The Supreme Court on Wednesday made it compulsory for private and government hospitals to take a patient’s consent before performing an additional surgery. A bench, comprising Justices BN Aggarwal, PP Naolekar and RV Raveendran, laid down guidelines for hospitals relating to “informed consent” and said it was pertinent to nurture the doctor-patient relationship.
The court’s directions came on the petition of a 44-year-old woman who had challenged a National Consumer Redressal Forum (NCRF) order. The NCRF had turned down her plea seeking compensation from a gynaecologist for removing her uterus and ovaries without consent.
Directing the gynaecologist to pay Rs 25,000 to the petitioner and waiving the surgery fees, the court said the doctor’s decision to conduct hysterectomy on her was unauthorised invasion and interference with her body. The court described the doctor’s act of performing the additional surgery as tortuous and an act of assault and battery. The bench, however, did not hold the doctor negligent but said her act amounted to deficiency in service.
The court laid down the following guidelines for the hospitals relating to consent.
n A doctor has to seek and secure the consent of the patient before commencing a treatment. The consent should be real and valid, which means that the patient should have the capacity and competence to consent. The patient should have adequate information concerning the nature of the treatment procedure.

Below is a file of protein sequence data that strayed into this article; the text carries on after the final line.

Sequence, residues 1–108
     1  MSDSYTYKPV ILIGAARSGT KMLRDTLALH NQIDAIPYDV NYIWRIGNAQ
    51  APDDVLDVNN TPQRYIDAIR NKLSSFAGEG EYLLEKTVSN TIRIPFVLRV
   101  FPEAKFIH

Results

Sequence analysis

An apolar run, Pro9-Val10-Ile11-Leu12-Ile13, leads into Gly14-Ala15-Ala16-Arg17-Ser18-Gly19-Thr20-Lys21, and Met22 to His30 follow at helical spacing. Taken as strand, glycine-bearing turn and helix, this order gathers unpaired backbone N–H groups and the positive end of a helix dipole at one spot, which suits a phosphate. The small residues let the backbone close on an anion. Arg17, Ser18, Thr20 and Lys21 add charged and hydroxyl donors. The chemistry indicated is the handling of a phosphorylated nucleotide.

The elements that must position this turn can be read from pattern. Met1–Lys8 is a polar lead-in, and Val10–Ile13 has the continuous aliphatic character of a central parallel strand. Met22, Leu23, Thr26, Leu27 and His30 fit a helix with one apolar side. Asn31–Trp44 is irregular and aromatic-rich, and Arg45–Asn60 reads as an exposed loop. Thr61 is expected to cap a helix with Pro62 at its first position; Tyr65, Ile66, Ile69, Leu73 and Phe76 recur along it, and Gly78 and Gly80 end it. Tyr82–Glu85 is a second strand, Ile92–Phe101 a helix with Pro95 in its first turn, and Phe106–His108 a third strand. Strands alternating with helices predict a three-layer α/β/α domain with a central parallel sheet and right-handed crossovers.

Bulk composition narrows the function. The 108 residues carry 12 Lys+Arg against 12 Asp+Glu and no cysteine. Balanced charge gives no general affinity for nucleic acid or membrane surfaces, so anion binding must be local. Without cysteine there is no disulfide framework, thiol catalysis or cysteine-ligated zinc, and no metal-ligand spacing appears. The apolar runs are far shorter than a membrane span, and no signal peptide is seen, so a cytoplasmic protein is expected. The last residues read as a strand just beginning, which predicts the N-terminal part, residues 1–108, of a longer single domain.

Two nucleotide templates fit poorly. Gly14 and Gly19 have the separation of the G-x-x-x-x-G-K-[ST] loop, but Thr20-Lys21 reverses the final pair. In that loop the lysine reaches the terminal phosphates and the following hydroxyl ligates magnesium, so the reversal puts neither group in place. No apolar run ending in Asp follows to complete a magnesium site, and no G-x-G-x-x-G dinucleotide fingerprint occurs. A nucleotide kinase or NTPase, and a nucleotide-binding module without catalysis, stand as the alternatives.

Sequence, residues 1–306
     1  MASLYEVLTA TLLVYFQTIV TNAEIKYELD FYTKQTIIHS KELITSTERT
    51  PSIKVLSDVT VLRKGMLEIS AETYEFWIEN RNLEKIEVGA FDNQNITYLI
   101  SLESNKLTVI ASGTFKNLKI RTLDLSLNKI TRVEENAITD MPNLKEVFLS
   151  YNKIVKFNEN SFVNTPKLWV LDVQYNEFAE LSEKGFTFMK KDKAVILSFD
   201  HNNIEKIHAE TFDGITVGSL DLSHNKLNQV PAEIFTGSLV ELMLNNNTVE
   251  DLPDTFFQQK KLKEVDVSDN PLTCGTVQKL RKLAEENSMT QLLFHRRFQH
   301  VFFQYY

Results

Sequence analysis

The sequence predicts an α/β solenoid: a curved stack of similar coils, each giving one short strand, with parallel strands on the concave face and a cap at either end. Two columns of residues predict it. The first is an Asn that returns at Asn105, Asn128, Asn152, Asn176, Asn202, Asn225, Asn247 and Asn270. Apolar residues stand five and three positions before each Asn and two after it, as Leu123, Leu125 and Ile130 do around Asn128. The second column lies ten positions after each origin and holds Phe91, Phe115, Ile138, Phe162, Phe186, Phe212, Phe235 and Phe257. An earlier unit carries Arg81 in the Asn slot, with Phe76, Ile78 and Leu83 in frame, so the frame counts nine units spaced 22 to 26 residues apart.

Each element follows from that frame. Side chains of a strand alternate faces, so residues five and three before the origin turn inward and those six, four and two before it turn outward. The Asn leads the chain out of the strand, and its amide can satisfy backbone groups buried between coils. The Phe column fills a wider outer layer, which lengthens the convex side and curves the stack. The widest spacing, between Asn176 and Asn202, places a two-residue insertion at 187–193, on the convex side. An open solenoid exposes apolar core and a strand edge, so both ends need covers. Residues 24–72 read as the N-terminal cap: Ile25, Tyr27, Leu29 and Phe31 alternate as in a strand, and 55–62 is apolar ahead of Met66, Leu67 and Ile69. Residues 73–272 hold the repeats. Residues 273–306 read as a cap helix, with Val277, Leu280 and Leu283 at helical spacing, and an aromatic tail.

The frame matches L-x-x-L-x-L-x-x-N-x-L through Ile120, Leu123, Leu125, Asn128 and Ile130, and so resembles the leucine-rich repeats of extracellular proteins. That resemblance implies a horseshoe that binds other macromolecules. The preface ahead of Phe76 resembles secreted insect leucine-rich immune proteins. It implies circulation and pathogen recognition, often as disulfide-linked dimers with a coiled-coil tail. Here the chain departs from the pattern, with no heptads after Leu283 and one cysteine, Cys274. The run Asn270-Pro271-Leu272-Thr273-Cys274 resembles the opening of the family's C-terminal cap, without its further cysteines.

n The adequate information to be furnished by the doctor who treats the patient should enable the patient to make a balanced judgment as to whether he should submit himself to the particular treatment or not.
n Consent given only for a diagnostic procedure cannot be considered as consent for therapeutic treatment. Consent given for a specific procedure will not be valid for conducting some other treatment procedure.
n There can be a common consent for diagnostic and operative procedures where they are contemplated. There can also be a common consent for a particular surgical procedure.
n The nature of information to be furnished by the doctor to secure the consent need not be of the stringent and high degree but should be of the extent which is accepted as normal and proper by a body of medical men.